Nova Scotia Premier Tim Houston says he is considering changes to the way the national public alerting system works in the province, after a two-hour delay in the transmission of an emergency alert during deadly floods last month in the West Hants area.
Audio recordings of emergency radio communications in the hours leading up to the flooding revealed that fire officials pleaded repeatedly for an emergency alert, to warn people to shelter in place and stay off the roads. Shortly before an alert was finally sent, four people, including two children and a young teenager, died when water swept away vehicles they were riding in.
Currently in Nova Scotia, control over the emergency alert system is centralized with the provincial government, meaning the government alone has the ability to issue alerts for natural disasters, including flooding. Police have the ability to issue them for criminal matters. The alerts are sent directly to residents’ cellphones.
On Wednesday, Mr. Houston told reporters he is looking at decentralizing control of the province’s system, which would extend the power to issue emergency alerts to lower-level decision-makers, including fire officials and municipalities. Alberta and Saskatchewan have already decentralized their systems in this way.
“It’s incredibly important that the officials who have the eyes and ears on the ground, who are right there in the thick of it, that they’re listened to and respected and that they have proper training in issuing alerts if they’re the ones making those decisions,” Mr. Houston said. He added that officials would be meeting about the issue in the next few weeks.
The emergency alert system has been under scrutiny in Nova Scotia for the past few years. In April, 2020, when a gunman killed 22 people over 13 hours in a rural part of the province, the RCMP didn’t ask for an alert and the provincial government didn’t send one. It was after this that the province first gave police some ability to issue alerts themselves.
Five months ago, the Nova Scotia Mass Casualty Commission, which probed the killings, recommended that Ottawa create federal standards for emergency alerts, and that the provinces and territories begin a joint review of the national public alerting system, known as Alert Ready. Currently, the system is a patchwork determined by individual provincial emergency management organizations.
The floods happened in the early hours of July 22, when West Hants, located about one hour northwest of Halifax, received the equivalent of about three months of rainfall in 24 hours. The first of several pleading calls for an emergency alert was made to a 911 dispatch centre from the volunteer fire department in the West Hants community of Brooklyn at 1:12 a.m. First responders were seeing washed-out bridges, inundated roads and vehicles swept away in torrential rains.
Brooklyn fire pleaded for an alert to tell people to stay off the roads and shelter in place.
First, the request was relayed to the RCMP. The Mounties, who do not handle natural disaster emergency alerts, relayed the request to the province’s emergency measures organization. But under provincial requirements, the request for such an emergency alert has to come from a municipality, and then the province decides whether to proceed.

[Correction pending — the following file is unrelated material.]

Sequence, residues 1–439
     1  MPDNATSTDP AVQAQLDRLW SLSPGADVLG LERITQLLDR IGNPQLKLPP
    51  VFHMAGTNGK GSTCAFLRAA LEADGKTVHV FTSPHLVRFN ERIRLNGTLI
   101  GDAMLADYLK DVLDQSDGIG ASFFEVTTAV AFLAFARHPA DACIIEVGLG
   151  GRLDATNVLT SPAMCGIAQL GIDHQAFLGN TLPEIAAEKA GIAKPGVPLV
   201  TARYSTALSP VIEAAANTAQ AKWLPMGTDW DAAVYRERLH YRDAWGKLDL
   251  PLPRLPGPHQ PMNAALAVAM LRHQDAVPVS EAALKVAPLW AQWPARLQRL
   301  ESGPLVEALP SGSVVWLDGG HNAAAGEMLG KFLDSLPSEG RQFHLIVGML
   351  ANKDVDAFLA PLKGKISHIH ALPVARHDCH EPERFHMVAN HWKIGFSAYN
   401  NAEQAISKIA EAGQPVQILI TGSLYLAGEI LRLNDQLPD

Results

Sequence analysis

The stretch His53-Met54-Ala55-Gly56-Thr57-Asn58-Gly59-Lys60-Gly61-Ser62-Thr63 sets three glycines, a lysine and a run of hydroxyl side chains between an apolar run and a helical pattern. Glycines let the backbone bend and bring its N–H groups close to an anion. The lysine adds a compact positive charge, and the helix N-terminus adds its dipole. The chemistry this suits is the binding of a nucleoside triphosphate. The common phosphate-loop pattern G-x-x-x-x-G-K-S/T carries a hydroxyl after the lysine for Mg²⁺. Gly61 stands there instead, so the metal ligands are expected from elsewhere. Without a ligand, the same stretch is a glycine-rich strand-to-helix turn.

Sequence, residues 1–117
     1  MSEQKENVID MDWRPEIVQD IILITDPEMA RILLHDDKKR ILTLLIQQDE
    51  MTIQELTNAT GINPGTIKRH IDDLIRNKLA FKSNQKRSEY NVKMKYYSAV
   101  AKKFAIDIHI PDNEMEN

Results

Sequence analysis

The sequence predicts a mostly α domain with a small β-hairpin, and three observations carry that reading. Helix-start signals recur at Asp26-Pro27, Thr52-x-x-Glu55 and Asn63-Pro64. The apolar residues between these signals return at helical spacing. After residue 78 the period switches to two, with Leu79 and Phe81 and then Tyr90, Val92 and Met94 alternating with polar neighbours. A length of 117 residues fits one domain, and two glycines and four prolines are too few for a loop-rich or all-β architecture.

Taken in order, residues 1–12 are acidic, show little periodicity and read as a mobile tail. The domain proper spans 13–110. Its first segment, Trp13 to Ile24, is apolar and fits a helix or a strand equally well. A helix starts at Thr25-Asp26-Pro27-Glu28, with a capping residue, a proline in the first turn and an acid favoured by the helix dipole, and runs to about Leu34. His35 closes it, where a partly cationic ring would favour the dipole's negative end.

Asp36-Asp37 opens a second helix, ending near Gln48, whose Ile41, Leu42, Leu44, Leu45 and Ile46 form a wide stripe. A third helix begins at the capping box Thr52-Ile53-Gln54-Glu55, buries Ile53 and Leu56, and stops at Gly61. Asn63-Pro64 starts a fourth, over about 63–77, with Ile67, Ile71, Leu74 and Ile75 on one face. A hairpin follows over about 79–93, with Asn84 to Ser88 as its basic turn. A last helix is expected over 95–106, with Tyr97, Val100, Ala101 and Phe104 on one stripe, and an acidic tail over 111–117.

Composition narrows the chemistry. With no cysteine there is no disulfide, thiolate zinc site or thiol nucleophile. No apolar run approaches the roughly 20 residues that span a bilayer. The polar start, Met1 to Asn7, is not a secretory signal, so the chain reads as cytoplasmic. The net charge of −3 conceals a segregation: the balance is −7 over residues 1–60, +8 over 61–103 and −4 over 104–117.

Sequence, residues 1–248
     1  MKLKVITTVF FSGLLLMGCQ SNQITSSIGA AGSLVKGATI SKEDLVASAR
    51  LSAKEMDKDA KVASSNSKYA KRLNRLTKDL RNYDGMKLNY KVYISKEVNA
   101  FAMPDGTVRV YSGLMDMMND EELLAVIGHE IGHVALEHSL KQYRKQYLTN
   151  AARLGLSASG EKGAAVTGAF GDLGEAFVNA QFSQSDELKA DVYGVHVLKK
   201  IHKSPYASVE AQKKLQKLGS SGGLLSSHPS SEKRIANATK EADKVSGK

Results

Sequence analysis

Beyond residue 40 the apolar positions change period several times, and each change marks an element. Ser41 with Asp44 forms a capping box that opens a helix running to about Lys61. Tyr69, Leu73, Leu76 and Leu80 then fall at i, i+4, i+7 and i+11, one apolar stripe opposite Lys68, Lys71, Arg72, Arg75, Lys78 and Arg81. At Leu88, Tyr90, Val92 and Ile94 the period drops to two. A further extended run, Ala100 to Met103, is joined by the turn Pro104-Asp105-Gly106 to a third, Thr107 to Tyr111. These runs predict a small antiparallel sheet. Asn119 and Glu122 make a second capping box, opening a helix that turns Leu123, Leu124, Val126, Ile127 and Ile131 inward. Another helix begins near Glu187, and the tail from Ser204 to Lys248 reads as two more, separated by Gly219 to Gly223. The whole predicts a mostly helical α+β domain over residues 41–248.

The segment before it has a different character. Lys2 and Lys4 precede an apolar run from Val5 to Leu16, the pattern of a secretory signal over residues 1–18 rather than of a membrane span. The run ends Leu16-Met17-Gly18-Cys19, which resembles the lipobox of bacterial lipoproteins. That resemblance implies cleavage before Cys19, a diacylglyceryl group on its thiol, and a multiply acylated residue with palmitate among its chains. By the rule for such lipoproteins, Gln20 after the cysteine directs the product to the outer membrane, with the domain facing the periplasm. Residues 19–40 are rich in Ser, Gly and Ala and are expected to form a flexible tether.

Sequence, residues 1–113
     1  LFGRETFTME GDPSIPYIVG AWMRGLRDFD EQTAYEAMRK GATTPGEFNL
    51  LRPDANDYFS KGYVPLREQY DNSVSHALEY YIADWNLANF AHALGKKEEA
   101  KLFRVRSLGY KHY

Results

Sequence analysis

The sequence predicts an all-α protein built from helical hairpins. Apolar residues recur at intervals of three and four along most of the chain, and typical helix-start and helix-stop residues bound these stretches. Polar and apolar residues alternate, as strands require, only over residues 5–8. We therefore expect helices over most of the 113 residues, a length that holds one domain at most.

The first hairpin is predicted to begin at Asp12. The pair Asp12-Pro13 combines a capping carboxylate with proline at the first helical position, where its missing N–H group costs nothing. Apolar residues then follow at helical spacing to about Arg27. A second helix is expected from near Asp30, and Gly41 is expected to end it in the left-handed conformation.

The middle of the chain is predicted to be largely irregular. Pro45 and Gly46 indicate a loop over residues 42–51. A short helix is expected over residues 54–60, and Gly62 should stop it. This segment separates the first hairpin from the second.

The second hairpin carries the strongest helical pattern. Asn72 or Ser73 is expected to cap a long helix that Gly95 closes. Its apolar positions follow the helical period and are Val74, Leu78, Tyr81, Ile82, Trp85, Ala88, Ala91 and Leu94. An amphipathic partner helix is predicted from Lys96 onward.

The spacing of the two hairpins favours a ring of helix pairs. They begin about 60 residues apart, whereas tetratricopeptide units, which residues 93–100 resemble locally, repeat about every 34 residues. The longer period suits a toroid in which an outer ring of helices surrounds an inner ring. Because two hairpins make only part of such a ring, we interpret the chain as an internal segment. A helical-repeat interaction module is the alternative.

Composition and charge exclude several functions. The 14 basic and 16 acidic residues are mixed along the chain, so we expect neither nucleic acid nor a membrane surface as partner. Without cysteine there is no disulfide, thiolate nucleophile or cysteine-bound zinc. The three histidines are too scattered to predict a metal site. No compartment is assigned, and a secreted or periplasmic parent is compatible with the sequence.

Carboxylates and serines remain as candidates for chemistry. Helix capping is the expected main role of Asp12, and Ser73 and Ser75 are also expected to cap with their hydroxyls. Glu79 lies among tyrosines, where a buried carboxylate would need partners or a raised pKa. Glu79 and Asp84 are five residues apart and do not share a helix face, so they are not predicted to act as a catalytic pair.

West Hants chief administrative officer Mark Phillips was unavailable, so the province called his second-in-command. Finally, two hours later, at 3:06 a.m., the province issued the siren-like warning over cellphones.
The alert went out about half an hour after two vehicles were swept away by flood water on Highway 14. Among the people inside were the four who died: Terri-Lynn Keddy, 14; Nick Holland, 52; Natalie Harnish, 6; and Colton Sisco, also 6.
In an interview, Colton’s grandfather, Calvin Leggett, demanded the province immediately fix the bottleneck in issuing emergency alerts and resolve long-standing poor cellular service in the area, which prevented some people from receiving the alert.
“We need to be faster. … We’re not looking to put the blame on anybody. We just want to make it better,” he said. “And it shouldn’t take years, because we could have a storm next week.”
He added that he and his daughter, Tera Sisco, Colton’s mother, don’t believe an earlier alert would have saved the young boy. They are advocating for changes to prevent any other families from losing loved ones, he said. “We don’t have months to get this straight,” he added.
Colton’s father, Chris Sisco, previously told The Globe and Mail he didn’t know what difference it would have made if the province had sent out its first emergency alert earlier in the morning.
“If my phone would have went off a half-hour earlier, would we have got out? I don’t know. We might have,” he said. “It’s a what if. I guess we’ll never know.”
Wayne MacKay, a law professor emeritus at the Schulich School of Law at Dalhousie University, said issues with sending alerts during the Nova Scotia massacre and the floods show the need for a decentralized emergency alert system in the province.
“Almost by definition, an emergency requires quick action,” he said. “There needs to be some degree of decentralization to allow these things to happen more quickly, otherwise you’re really defeating the purpose of an emergency alert.”
Dr. MacKay said another commonality between the massacre and the flood was inadequate education among officials about who has the authority to ask the province for an emergency alert.
New Brunswick’s former director of emergency management, Ernie MacGillivray, who also worked on the national public alerting system, said that in order to decentralize emergency alerts in Nova Scotia, operational policy would need to change, officials would need to be empowered and trained, and the public would need to be educated.
With a report from Molly Hayes